BY MICHAEL JOEL-HANSEN
Maple Creek Town Council was noticeably different Tuesday night.
Walking into the council chamber, the chair reserved for the Town’s mayor was not occupied by Barry Rudd, but rather Councillor Cara Teichroeb.
The question as to why this was the case was quickly answered when acting town administrator, Diane Moss shared with council the correspondence she had received since council last met. One of these pieces of communication was a short letter from Rudd, resigning as mayor of Maple Creek. The resignation took effect on May. 15 at 1 p.m. Moss read the letter out loud to council. It did not give a reason for the departure.
After reading the Rudd’s letter of resignation, council voted on whether to accept the resignation. Councillor Michael Morrow made a motion to accept the resignation. Councillor Kevin Rittinger seconded and the action was than passed.
Council moved onto other business but eventually came back to the resignation. It was agreed upon that the town would be holding a by-election on Sept. 12 to fill out the rest of the former mayor’s term, which goes until 2020. Until the by-election is held, Councillor Michelle McKenzie will have the title of acting mayor.
Town council did address a variety of other issues on Tuesday night. One of these involved how Maple Creek plans to deal with cases where people are moving houses which are already built into town and placing them on a lot. The issue was brought to council as it was not covered in any of the bylaws which are already on the books.
In the past Councillor Ellaine Hawrylak explained members of council would go and inspect and then make recommendations on what changes needed to be made to the house. In the past, these changes varied and involved many areas. Teichroeb felt the council should be going in a different direction going forward regarding inspections.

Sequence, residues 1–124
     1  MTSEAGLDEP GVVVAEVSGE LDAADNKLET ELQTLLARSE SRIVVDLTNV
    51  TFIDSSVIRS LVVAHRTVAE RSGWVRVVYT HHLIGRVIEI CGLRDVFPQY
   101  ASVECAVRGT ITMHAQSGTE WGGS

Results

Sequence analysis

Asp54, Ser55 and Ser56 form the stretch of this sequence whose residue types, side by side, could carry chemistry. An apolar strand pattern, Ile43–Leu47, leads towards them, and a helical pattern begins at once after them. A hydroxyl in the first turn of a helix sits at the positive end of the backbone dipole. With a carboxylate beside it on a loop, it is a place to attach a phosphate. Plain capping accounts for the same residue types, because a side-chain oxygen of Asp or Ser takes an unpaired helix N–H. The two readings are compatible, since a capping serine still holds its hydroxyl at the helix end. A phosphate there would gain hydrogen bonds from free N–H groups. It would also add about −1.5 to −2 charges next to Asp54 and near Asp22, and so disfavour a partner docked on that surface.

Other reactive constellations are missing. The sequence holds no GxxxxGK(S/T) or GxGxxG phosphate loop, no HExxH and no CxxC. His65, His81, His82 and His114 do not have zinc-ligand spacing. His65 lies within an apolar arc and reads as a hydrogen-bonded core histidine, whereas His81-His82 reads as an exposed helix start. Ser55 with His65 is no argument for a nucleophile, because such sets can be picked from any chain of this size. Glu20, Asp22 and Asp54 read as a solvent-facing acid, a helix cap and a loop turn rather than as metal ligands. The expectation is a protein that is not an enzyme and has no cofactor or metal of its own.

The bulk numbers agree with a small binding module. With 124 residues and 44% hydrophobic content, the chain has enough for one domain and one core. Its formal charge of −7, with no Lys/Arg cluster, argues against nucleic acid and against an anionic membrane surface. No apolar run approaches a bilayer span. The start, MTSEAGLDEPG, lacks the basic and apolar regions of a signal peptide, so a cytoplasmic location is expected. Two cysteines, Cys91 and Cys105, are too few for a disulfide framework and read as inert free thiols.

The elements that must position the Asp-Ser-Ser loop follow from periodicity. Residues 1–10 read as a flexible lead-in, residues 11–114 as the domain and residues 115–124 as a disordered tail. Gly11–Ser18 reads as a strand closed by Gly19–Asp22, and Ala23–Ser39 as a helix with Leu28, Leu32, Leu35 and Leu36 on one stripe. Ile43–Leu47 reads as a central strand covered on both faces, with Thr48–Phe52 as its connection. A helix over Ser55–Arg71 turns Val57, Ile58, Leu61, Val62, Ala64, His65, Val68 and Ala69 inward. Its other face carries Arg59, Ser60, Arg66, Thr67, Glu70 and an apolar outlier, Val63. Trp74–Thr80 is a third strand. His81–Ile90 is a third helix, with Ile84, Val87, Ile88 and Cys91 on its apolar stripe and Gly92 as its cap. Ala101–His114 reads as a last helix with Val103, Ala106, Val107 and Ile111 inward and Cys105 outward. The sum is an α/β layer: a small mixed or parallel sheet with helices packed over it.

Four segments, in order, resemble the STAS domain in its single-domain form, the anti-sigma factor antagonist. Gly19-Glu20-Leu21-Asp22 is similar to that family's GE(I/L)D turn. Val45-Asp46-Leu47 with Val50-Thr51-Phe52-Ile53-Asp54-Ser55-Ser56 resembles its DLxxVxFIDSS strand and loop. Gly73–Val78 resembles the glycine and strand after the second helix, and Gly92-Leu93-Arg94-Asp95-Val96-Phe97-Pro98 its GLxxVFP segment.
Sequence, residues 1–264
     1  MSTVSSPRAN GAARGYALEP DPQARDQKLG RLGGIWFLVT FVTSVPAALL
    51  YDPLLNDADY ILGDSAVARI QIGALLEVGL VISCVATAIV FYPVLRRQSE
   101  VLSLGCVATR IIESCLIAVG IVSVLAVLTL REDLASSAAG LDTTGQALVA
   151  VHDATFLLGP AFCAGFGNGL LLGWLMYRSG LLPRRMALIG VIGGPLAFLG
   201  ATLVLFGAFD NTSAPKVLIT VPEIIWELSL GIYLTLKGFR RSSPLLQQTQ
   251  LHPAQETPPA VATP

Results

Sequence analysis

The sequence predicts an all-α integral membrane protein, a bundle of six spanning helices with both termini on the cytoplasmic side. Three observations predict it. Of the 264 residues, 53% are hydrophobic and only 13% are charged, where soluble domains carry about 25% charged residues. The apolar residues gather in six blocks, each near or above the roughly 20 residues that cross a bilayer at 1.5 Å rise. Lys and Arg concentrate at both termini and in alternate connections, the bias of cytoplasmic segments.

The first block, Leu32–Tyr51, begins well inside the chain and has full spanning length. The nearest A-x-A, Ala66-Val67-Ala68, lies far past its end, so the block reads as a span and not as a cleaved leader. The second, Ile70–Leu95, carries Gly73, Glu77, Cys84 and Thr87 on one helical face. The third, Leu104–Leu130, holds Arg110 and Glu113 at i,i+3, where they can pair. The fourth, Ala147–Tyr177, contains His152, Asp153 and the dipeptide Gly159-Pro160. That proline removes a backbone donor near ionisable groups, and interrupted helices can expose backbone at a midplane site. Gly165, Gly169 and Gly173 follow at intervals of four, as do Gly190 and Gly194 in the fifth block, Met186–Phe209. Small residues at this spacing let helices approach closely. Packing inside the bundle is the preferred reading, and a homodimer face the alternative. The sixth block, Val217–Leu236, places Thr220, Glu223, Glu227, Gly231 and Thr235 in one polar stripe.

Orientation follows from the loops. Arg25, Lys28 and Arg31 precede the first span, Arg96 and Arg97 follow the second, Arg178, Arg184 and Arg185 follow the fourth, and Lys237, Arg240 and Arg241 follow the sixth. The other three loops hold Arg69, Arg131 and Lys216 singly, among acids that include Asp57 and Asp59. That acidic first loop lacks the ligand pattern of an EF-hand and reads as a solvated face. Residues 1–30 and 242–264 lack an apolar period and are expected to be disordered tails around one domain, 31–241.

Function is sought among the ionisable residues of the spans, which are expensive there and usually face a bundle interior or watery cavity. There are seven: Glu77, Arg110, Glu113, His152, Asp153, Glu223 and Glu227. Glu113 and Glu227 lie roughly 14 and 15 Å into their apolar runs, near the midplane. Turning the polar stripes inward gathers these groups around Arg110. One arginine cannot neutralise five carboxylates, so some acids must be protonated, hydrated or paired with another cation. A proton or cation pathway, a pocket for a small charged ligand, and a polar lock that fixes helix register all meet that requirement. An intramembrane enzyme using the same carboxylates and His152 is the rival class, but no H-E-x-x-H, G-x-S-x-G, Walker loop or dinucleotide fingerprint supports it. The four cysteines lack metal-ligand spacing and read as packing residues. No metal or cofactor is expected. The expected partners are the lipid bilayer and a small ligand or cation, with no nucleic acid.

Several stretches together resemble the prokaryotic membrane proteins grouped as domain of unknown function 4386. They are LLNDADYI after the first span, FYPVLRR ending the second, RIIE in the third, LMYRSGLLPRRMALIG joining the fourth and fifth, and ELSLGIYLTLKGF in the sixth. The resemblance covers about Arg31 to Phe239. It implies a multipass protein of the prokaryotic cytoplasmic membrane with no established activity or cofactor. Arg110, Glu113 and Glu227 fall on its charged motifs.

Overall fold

“I think we want a professional,” she said.
McKenzie felt it was important the town have regulations in place to make sure not just anything is brought in to the town’s boundaries.
“We don’t allow trailers,” she said.
Another issue which the council touched on when talking about the issue was making sure the houses which could potentially be brought in matched with the neighbourhood they are being brought into. This elicited some concern from Morrow, who worried about a possible situation where the town would have entire neighbourhoods which all looked the same.
“How city do you want to go?” he said.
Rittinger stressed the importance of the issue, as there are a number of communities in the southwest which offer low priced lots in the hopes of attracting people to their area.
“It’s something we need to look at,” he said.
Eventually, Councillor Barry Elderkin suggested that the matter be sent to a town committee, where it could be studied further. Council decided the best committee to send it to would be the General Government Committee.
The rest of council members agreed this would be the best move. Council touched on another interesting issue Tuesday night. This one pertained to the rules which are used to conduct business. Specifically, the laws which govern how motions are passed and what rules need to be followed before and leading up to a debate of those motions. Generally, many councils have used Robert’s Rules of Order. Councillor Morrow had done some research and suggested that council officially adopt Bourinot’s Rules of Order, which are the same ones used by the federal parliament in Ottawa.
During his research, Morrow discovered the town council had never officially adopted Robert’s Rules of Order, which meant they could adopt the new rules by passing a motion. In pushing for the change Morrow argued he found Robert’s Rules to be somewhat outdated.
“I found it to be old English,” he said.
Rittinger said he had used both sets of rules and was alright with either of the systems being used.
“Bourinot’s rules are clear,” he said.
The discussion eventually ended with the motion to adopt the new rules passing, with Councillor McKenzie the only one to vote against the change, which will officially take effect at the next council meeting.
Councillors as well set a date for the budget meeting. The meeting will take place on May 29. at 6 p.m.